During Thursday's meeting, OPEC leaders are expected to discuss how to stabilize crude oil production after US prices plunged by 22-percent in November - making it the worst month since the financial crisis in 2008.
Saudi Arabia has been calling steep cuts in oil output and was expected to raise those demands during the meeting, but pressure from the USA may convince Saudi leaders to take a softer tone.
Saudi Arabia has indicated it wants the Organization of the Petroleum Exporting Countries and its allies to curb output by at least 1.3 million barrels per day, or 1.3 percent of global production.
USA special representative for Iran, Brian Hook, met with Saudi Energy Minister Khalid Al-Falih in Vienna on Wednesday, according to a person familiar with the matter. Most producers made clear they agree on the need for a cut in oil production.
Iranian oil minister has lashed out at United States special representative for Iran Brian Hook over his "meddlesome" meetings with members of the Organization of Petroleum Exporting Countries in Vienna, asserting that OPEC is an independent body that does not take orders from the US.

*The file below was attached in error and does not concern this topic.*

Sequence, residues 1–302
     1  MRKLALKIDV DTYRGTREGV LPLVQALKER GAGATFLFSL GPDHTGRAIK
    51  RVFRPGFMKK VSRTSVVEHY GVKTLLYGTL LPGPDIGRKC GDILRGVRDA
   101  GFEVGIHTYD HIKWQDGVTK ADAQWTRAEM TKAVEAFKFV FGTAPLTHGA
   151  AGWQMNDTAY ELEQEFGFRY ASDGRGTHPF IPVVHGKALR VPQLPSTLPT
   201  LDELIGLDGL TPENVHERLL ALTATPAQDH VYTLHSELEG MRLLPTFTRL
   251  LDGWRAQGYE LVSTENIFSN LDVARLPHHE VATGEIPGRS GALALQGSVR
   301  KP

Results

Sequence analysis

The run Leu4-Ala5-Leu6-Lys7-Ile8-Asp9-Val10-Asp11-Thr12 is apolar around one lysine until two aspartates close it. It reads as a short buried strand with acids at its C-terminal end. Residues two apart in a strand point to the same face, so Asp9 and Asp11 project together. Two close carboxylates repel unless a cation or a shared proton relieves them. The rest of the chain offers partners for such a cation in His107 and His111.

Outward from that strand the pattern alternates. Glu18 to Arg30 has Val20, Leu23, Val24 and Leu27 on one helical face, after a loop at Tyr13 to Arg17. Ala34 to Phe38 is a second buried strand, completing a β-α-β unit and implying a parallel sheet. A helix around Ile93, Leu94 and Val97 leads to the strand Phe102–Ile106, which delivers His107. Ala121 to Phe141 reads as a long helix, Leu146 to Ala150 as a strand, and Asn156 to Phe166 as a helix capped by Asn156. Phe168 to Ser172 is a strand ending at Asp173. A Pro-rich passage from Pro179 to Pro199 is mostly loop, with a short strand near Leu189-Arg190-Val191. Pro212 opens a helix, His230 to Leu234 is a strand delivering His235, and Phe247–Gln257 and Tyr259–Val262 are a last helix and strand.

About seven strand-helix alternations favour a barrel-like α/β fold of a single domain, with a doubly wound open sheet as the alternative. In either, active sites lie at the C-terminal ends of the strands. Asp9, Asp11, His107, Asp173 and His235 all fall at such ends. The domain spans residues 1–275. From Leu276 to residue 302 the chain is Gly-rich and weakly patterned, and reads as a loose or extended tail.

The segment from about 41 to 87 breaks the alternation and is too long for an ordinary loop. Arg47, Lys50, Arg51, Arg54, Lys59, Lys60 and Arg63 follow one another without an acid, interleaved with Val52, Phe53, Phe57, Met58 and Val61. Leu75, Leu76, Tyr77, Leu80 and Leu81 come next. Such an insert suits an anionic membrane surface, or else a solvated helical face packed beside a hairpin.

In private conversations earlier this week, OPEC delegates said that Russian Federation and Saudi Arabia still differ on how to share the cuts.
Donald Trump has often complained about OPEC this year as higher crude oil prices have raised fuel cost.
The possible deal will come after some OPEC and non-OPEC members motivated by an urge to get a better market share sharply increased their oil production, which led to a $30 drop in oil prices from their highest point. Saudi Arabia, Russia and the UAE have raised output since June after Trump called for higher production to compensate for lower Iranian exports due to new US sanctions. "The World does not want to see, or need, higher oil prices!" Trump wrote in a tweet on Wednesday.
Possibly complicating any OPEC decision is the crisis around the killing of journalist Jamal Khashoggi at the Saudi consulate in Istanbul in October. So he wants low prices now. Official U.S. government oil production and inventory data are also due on Thursday.
The Nopec legislation being discussed by USA lawmakers could make it possible to sue Saudi Arabia and other OPEC members for price fixing.
"Nobody wants to mention a number, because it means you're committing yourself to how much you're going to cut", said Al Rumhy.